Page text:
Around the Garden
Meandering Through the Weeds
By Chris Cohan
A life without love is like a year without summer. ~Swedish proverb
The sweet smell of freshly cut grass, the taste of vine-ripened tomatoes, crickets click in the night, lightning bugs blink across the garden lawns, daylilies burst forth and fade, followed by pink cone flowers, blue hydrangeas, and white daisies. All make summer lovely.
It’s August. The humidity has sapped your motivation. The hazy days leave you viewing and pondering more than pruning and weeding. Time to let your mind wander and reflect. Time to appreciate the flowers and vegetables you nurtured and enjoy your gardens. You did it!
The mornings are cool. Well, they are less hot. You start by pulling a few weeds, eat a tomato, grab a handful of bush beans and some greens. You gaze around at what should be done. The sky is cloudless, the sun is higher and hot. You have nowhere to hide. The humidity takes its toll on your motivation, again. Quickly, you mumble to yourself, “That’s a good start, I’ll return later.”
Ah, when is later? A metaphysical quandary or a self-impressing polysyllabic delay tactic? Hmm, that question could keep one busy avoiding the garden. This non-gardening gardening tactic works regardless of the answer.
You may avoid the gardens for a while, but most gardeners will be itching to do something. So, wage war on weeds. A garden task best accomplished in the cool of morning. August is the time to get busy because both annual and perennial weeds are starting to produce thousands of seeds that will germinate in your garden next spring. If left unchecked, these pesky invaders become extremely difficult to eliminate.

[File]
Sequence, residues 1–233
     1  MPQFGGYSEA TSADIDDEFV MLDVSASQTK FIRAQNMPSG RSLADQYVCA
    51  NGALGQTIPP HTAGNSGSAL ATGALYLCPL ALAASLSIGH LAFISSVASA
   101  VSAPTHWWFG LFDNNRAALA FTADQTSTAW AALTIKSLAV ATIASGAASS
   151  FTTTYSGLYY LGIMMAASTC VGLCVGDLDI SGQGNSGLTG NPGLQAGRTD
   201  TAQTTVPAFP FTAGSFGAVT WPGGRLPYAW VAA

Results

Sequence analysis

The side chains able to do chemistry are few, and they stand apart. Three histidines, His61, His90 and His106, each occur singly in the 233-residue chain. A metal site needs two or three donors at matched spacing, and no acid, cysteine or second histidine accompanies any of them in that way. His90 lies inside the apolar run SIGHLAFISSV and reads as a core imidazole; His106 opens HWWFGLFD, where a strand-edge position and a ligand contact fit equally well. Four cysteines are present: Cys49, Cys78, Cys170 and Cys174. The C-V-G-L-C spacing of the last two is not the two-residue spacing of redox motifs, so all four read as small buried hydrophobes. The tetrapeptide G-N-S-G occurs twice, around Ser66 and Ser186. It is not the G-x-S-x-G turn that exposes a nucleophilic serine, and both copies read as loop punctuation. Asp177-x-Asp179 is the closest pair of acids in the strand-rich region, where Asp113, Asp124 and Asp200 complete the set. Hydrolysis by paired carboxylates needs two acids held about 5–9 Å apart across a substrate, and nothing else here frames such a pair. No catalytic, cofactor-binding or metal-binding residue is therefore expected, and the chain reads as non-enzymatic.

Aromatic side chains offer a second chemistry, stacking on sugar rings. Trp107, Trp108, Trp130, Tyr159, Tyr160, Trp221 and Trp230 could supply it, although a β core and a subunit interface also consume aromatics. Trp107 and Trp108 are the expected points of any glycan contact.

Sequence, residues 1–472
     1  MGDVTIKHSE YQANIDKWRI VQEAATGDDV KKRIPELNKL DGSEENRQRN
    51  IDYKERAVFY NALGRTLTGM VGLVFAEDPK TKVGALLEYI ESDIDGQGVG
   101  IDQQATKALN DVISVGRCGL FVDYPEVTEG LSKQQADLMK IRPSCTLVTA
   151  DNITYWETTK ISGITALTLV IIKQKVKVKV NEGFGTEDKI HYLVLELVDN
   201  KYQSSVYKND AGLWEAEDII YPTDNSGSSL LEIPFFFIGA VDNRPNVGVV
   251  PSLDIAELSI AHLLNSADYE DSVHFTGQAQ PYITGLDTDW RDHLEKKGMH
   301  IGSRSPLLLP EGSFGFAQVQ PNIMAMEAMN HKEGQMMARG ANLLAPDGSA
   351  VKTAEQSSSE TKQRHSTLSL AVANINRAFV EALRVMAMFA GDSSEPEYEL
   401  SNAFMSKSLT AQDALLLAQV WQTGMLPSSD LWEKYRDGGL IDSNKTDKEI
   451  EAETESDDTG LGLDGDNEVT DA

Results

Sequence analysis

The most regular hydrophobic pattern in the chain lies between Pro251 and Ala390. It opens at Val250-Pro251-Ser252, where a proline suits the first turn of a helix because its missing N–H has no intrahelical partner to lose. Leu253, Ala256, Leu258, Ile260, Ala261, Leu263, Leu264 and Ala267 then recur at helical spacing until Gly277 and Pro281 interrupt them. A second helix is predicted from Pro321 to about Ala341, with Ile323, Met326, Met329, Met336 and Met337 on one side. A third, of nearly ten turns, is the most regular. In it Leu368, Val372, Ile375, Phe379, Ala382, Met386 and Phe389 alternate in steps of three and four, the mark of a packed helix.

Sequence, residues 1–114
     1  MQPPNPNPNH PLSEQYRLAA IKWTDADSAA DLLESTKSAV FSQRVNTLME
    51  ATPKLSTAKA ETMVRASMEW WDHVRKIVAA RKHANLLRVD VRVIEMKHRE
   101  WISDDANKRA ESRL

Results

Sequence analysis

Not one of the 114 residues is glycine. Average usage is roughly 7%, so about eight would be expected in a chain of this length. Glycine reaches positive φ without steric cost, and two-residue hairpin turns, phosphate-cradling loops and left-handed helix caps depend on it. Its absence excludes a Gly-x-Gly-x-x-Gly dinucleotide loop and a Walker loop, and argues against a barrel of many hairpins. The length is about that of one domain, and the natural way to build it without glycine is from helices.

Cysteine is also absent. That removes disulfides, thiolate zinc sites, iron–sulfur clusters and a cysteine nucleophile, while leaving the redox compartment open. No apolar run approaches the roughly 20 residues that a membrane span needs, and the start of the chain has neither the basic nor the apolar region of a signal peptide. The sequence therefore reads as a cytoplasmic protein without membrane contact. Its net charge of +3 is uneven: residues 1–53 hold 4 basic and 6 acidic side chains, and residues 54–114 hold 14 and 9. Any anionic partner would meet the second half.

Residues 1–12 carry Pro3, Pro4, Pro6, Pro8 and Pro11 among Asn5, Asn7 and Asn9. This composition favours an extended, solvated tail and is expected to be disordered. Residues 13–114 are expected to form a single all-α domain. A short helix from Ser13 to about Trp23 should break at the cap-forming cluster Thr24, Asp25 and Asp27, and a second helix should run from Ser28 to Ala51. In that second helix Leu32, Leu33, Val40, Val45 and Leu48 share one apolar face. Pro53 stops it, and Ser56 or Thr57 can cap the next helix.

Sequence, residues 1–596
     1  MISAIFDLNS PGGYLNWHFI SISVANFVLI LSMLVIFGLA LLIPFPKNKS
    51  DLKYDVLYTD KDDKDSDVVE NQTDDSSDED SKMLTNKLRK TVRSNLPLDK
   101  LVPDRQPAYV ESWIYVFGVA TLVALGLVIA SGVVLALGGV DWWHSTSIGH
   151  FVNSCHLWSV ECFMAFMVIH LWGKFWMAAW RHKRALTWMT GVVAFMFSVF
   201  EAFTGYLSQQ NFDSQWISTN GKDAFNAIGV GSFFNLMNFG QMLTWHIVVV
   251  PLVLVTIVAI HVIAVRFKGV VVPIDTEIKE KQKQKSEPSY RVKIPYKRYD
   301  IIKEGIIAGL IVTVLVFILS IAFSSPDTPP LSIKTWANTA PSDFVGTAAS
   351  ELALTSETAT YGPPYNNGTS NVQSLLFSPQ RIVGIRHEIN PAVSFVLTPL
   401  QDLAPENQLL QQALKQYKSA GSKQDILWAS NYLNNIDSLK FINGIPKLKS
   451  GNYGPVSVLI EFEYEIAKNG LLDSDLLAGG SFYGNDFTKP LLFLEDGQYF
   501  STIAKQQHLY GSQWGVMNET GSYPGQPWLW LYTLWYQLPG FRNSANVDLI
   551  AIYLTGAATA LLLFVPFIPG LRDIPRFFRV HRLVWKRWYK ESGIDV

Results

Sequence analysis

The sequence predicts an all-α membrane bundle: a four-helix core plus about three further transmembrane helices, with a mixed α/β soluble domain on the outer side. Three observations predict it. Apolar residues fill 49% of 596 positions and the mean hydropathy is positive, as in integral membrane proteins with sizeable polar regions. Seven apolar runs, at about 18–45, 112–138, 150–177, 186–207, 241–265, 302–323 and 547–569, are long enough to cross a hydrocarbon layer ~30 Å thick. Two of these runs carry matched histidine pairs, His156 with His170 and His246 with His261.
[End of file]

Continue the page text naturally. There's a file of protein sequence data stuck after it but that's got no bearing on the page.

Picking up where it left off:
The best time to weed is right after a rain when the soil is still moist. If rainfall is scarce, irrigate your garden thoroughly the night before you start your attack. You can pull weeds by hand or use a hoe. Just be sure to remove the roots. Crabgrass or purslane quickly regenerate from any root left in the soil. As soon as you have the weeds removed, cover the area with a thick mulch of compost, straw, leaves, or shredded bark. I’m an on-my-knees hand-pulling weeder. If you use tools, always maintain a sharp edge. The sharper the blade the faster you’ll get the job done and the easier it will be.
August is the month to harvest herbs as the oils responsible for the most intense flavor and aroma are at their peak in late summer, just before the plants flower. Clip foliage in the early morning after the dew dries, but before the day heats up. One of the easiest ways to store herbs is to rinse them under cold water, chop them coarsely, and place them in water-filled ice cube trays. Then, place the trays in freezer. Pop out frozen herbs as you need them.
Okay, there you go with two important tasks that can be accomplished in the cool of the day. Before you know it, September will be here and the air brisk. Your inspiration will return. Then it will be time to saddle up and ride back into the garden. For now, think like a Swede and <karlik sommar> — love summer.